It feels like the build-up in an Agatha Christie plot: Stormont is poised to be murdered and the list of suspects with motives is long.
Will it be Sinn Fein with their dogged refusal to implement the welfare cuts dictated by Westminster that choke the devolved institution of life?
Will the DUP stand accused for their failure to govern collectively and the constant drip of sectarian poison they have fed into the veins of the body politic?
Will the Orange Order take centre stage, with loyalist paramilitary help, as the ones who fire the fatal shot in revenge for betrayal over parading?
Could Secretary of State Theresa Villiers inadvertently kill the victim by blowing up the parades decision-making process and watching Stormont collapse as part of the collateral damage?
Or might Enda Kenny and his government face the charge of killing by neglect?
Gerry Adams says the political process faces its biggest challenge since the Good Friday negotiations in 1998. He’s been known to talk up a crisis before, perhaps that’s why he has to put this one on a scale. Relatively speaking, he’s saying this is a big one. He’s also saying that it won’t be fixed because unionists won’t want to deal.
“We are moving into another election cycle with the Westminster elections next May and Assembly elections the following year.
“Elections invariably see unionist leaders adopt ever more strident language and an unwillingness to find solutions to difficulties.”
And he’s keen to remind everyone that Sinn Fein isn’t wedded to Stormont: “As Martin McGuinness has noted ‘We are in government with unionists because we want to be. They are in government with us because they have to be.”
It would be wrong, if understandable, to dismiss this latest statement from Adams as just another piece of political gamesmanship.
Sinn Fein knows there will soon be white chalk marking the spot where their 2007 deal with the DUP died. Gerry Adams is merely ensuring that it’s not just his fingerprints left at the scene.
The DUP has begun to recognise this eventuality too. Perhaps even game plan for it. At the start of the summer Peter Robinson warned that the institutions had been put under threat by a Parades Commission decision. This week his Finance Minister Simon Hamilton warned that the threat to government comes from Sinn Fein’s unwillingness to face the reality of welfare cuts and the swingeing Westminster fines that will follow.
The DUP knows Sinn Fein won’t compromise on welfare. They know because they previously thought they had a deal in the bag until, it seems, Gerry Adams over-ruled Martin McGuinness and his northern negotiators.
They know that Sinn Fein is focussed on its progress south of the border where it cannot be seen to be a party that cuts welfare. They also know that the kind of budget cuts that will have to be imposed elsewhere as a result this stalemate cannot be agreed and will bring the house down.
So, if collapse is inevitable, they’re wondering if they can squeeze any major concessions out of the Northern Ireland Office before it comes – notably on parades.
But what’s the incentive for Theresa Villiers to get involved? So far, she’s played a stalling game – not rejecting the unionist demand for an inquiry into the disputed Parades Commission decision, and buying time over the heated summer months. But can she do anything more?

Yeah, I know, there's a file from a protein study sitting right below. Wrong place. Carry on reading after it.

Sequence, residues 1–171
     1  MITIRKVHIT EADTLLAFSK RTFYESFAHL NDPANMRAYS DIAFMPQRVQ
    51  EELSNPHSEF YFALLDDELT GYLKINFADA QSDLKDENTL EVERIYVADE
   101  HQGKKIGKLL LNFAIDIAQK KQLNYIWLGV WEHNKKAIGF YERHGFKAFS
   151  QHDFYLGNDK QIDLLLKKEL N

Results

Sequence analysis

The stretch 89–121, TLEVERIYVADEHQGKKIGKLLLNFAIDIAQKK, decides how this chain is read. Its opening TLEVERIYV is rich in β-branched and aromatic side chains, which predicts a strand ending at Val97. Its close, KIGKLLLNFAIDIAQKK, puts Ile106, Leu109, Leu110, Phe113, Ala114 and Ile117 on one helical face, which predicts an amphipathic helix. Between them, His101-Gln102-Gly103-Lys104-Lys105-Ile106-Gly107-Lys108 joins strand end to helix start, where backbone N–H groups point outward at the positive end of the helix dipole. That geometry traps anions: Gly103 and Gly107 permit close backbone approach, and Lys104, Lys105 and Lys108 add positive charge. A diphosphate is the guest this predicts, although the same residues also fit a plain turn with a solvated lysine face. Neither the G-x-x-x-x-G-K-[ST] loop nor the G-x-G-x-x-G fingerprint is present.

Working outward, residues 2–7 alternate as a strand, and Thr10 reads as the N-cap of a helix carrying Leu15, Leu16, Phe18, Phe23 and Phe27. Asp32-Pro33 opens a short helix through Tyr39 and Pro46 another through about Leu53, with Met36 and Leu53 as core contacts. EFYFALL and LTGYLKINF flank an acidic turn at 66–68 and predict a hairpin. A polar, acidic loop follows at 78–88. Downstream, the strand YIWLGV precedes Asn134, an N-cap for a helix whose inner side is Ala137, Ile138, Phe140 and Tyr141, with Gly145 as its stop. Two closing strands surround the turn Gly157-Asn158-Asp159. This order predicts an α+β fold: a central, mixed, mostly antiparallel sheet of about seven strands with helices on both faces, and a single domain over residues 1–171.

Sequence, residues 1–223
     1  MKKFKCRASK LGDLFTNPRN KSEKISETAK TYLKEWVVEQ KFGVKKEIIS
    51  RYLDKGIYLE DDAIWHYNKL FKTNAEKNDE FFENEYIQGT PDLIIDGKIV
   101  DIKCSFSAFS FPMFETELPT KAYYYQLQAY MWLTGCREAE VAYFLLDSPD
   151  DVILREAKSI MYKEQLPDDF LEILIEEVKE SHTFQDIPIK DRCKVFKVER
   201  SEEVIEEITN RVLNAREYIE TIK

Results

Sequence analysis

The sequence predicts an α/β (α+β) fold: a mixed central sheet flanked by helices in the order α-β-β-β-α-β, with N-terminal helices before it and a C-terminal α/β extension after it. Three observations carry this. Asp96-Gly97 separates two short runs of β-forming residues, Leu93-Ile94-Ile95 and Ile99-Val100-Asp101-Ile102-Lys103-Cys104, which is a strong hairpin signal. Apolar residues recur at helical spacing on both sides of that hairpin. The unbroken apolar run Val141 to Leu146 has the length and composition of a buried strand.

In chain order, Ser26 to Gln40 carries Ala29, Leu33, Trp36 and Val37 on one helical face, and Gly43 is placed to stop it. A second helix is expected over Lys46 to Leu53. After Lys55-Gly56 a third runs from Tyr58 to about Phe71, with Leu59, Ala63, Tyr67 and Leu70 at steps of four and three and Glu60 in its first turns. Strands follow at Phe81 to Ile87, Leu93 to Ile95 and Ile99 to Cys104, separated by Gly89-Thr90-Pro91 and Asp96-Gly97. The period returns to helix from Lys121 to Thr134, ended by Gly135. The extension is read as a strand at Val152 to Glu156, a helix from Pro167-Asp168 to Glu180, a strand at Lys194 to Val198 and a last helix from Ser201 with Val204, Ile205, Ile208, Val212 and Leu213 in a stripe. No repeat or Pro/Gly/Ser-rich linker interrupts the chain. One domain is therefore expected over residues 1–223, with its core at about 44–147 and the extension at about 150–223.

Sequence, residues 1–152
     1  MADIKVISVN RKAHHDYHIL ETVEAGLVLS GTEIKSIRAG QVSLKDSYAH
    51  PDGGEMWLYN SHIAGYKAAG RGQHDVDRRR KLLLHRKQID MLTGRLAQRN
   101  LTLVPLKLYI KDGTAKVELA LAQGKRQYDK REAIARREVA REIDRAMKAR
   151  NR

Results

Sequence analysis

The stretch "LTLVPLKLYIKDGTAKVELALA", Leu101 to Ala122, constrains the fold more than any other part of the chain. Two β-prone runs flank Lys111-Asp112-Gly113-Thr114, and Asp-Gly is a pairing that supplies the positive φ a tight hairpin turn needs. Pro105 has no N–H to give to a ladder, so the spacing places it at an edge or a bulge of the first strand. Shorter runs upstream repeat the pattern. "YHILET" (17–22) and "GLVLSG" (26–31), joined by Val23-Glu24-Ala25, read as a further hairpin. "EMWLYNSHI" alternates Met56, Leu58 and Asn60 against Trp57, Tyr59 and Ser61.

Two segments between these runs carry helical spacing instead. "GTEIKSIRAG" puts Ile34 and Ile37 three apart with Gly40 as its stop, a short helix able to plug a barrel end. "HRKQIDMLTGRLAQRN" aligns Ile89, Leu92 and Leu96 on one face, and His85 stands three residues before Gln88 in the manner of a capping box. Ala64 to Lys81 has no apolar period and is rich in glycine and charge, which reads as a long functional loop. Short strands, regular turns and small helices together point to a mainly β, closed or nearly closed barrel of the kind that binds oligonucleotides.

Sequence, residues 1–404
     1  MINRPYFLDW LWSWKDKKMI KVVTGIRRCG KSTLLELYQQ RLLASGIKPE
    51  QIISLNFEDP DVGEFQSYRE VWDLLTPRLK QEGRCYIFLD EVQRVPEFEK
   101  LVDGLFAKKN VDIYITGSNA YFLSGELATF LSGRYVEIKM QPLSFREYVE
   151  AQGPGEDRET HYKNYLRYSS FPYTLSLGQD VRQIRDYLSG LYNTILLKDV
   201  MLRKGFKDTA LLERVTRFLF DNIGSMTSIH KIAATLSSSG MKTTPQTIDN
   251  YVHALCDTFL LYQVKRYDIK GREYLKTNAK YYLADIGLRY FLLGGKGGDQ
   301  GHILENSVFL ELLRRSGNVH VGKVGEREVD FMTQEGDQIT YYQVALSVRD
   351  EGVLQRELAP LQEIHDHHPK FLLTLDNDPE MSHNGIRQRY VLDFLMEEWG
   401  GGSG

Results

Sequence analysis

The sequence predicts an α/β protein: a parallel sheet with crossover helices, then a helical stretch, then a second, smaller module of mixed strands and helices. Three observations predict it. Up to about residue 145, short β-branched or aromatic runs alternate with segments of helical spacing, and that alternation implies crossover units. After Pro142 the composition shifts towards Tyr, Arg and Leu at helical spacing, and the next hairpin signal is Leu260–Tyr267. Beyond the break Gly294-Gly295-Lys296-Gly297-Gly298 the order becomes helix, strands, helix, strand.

She must surely know that any intervention that second-guesses the work of the Commission will finish it and take Stormont down too while handing the poison chalice of parades back to the police.
So, it remains highly unlikely that Villiers will be able to satisfy unionist demands. If collapse is inevitable, the one thing she’ll be desperate to avoid is anything that does serious damage to the fragile consensus on policing.
Meanwhile the Irish Government stands accused, mostly by Sinn Fein, of failing to engage proactively and of allowing matters to drift.
It’s a charge that infuriates politicians and civil servants in Dublin. They see the stalemate at Stormont as clearly as anyone else, but they are powerless to intervene. The point about the Good Friday Agreement and its St Andrews successor was that parties in Northern Ireland would now be left to sort things out amongst themselves.
It’s an example of how bad things have got that both unionist and republican camps are now each seeking unilateral help from mummy and daddy in the British and Irish governments.
The first joint act of Ian Paisley and Martin McGuinness when they took office was to evict the British Secretary of State from his. They publicly announced that Peter Hain was being kicked out of Stormont Castle and they were moving in.
It was nice piece of theatre and signalled that they were prepared to go further than the previous incumbents – Mallon and Trimble. This, they were saying, is the new partnership that will get things done.
How different it all seems today. The Chuckle Brothers have become The Brothers Grimm. Nothing is getting done and it appears the keys of castle will soon be handed back to its former owner.
It’s not just that collapse has become inevitable, it’s also that all sides appear to want it – even if they’re not explicitly saying so. There are short and medium-term tactical advantages for both the DUP and Sinn Fein.
Westminster elections next year can be fought with the traditional war cry of “No Surrender” while Sinn Fein can fight elections in the South without that taint of welfare cuts.
Collapse would also draw a reluctant Dublin government into a process which elevates its electoral rivals Sinn Fein to equal negotiators. It would equally blunt the ability of southern parties to attack Sinn Fein on northern issues in the midst of delicate moves to restore devolution.
So, Stormont is a dead institution walking. Who kills it will quickly become irrelevant. It’s how to revive it that will become the more pressing question.
(This piece first appeared in the Sunday Business Post on August 17th 2014)